To paraphrase Vane Jones, "Knowledge is of little value until shared with others."

Tuesday, March 11, 2014

Trolley Pole Primer - Part 2 The Pole and the Fittings at the Top of the Pole

Before staring the material of this post allow me to make editor's comments. In mentioning any manufacturer I am not endorsing or attempting to push the manufacturer's products. I have at all times tried to remain neutral regarding the hobby manufacturers and their products. However, in writing about my experiences in all fairness to the readers of this blog, I do have to point out the positives and negatives of an item, process, method, etc.

Depending upon the topic of the post manufacturers, suppliers, painters, and various other individuals who have been involved in the trolley end of the model railway business in the United States will be mentioned. This is done to fill in any voids which may appear. My sole purpose is to provide information. It is up to the reader of this blog to use his or her discretion in obtaining goods and services just as in buying an computer, furniture, personal goods and services, etc.

Trolley poles themselves are hollow tubes. If they were not hallow, but solid, they would weigh too much to be supported on the roof of the car.

Some of the poles were a tube like a pipe while others were tapered at one or both ends. For most O scale poles a piece of phosphor bronze wire is used. As far as I know only the Precision Scale trolley pole is a brass casting and is tapered.

Trolley poles come in various lengths. Cars carrying only a single pole mounted in the center (length) of the car are longer than normal. Normal, if there is one, is 12 to 14 scale feet.

The concern is, is the center of the mounting point of the trolley base in the correct position for the car. This should be determined from either plans or photos of the prototype car. In the past articles about what is the correct location of the center point of a trolley pole base have been written.

PE had the 800-929 series of double truck cars which as originally built had only 1 trolley pole. When the subway was built, in order to reverse the direction of travel of the cars, because there was not sufficient room to walk the single pole around to the other end, the cars were double poled. This is mentioned as there has to be some allowances in the exact, required center point location of a trolley base.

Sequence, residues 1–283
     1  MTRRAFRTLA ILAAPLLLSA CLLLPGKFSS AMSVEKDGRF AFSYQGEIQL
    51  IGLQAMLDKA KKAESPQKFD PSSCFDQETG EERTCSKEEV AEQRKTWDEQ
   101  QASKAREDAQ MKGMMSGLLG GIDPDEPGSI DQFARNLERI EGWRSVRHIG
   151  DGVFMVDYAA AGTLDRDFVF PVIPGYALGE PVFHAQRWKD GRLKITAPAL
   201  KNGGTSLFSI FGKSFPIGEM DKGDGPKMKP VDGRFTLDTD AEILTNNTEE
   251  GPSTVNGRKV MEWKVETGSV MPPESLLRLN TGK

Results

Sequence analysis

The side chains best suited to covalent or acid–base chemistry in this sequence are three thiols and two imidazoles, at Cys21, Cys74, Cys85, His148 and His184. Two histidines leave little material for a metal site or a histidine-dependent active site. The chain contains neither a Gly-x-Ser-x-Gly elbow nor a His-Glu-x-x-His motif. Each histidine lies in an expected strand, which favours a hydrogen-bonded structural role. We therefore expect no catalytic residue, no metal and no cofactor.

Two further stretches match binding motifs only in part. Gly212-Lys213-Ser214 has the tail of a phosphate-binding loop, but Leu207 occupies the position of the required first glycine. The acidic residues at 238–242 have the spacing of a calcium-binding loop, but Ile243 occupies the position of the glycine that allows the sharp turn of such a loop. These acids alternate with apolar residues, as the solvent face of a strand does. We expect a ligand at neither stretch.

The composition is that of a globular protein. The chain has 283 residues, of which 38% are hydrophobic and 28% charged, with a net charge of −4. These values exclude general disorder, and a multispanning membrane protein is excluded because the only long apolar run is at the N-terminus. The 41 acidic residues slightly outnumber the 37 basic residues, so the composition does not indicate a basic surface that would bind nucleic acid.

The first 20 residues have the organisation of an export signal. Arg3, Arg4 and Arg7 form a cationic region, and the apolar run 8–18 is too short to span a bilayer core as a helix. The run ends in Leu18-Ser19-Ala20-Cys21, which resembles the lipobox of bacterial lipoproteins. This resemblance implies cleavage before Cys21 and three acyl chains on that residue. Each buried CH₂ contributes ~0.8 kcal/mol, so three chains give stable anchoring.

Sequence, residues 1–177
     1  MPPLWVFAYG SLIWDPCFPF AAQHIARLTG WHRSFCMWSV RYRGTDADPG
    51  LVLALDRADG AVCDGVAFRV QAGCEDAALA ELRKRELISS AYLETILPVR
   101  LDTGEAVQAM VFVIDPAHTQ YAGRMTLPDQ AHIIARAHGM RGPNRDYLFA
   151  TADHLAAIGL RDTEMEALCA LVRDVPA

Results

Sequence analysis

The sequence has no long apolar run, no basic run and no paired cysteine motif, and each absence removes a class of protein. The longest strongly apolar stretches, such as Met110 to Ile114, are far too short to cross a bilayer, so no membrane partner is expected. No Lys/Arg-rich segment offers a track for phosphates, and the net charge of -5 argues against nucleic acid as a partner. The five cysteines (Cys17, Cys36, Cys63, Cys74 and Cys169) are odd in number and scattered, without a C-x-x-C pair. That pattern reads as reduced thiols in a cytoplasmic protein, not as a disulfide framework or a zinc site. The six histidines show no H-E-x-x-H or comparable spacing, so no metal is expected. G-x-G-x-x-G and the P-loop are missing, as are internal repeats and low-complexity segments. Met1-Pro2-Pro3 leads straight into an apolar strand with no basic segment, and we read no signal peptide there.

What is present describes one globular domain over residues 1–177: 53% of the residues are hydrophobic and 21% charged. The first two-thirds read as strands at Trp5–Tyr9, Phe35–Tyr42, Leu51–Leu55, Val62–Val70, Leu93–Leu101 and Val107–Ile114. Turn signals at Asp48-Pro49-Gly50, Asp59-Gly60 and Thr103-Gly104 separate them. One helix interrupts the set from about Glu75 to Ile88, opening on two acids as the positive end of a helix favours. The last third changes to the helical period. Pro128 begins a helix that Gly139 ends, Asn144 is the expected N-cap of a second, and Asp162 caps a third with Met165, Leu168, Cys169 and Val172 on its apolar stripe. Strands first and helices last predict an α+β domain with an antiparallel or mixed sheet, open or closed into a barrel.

Even if you obtain the model built-up and finished by a reputable manufacturer check the centers of the trolley bases for correctness. For example, the CA&E Cincinnati passenger cars made by St. Petersburg Tram Collection did not have the trolley bases mounted in the correct position. The mounting points have to be changed by the modeler.

Furthermore, sometimes the length of a trolley pole has to be adjusted to the car on which it is used. More on this later in this post.

Next comes the strange thing at the end of the trolley pole - the most common are either a trolley wheel or a shoe (slider). Sometimes a "V" shaped object is fitted called a sleet scraper. Another object used is a "greaser" or an "applicator".

Originally a 10", 12" or larger diameter wheel was used. Initially the wheel would rotate but over time it would be worn into a hexagon shape with the wheel sliding along on one of the planes of the hexagon. Over time the trolley companies discovered smaller size wheels could be used.

The slider was an invention based on the wheel worn into a hexagon shape. As you will see there are many sliders which were invented by the manufacturers. The advantage of the slider is it can provide better, continuous contact with the trolley wire thereby providing for more electrical current to be transferred from the trolley wire to the trolley pole.

The disadvantage of the slider is the trolley wire has to be lubricated to prevent premature wear of the wire. This is the reason for the "greaser" or "applicator" at the end of a trolley pole.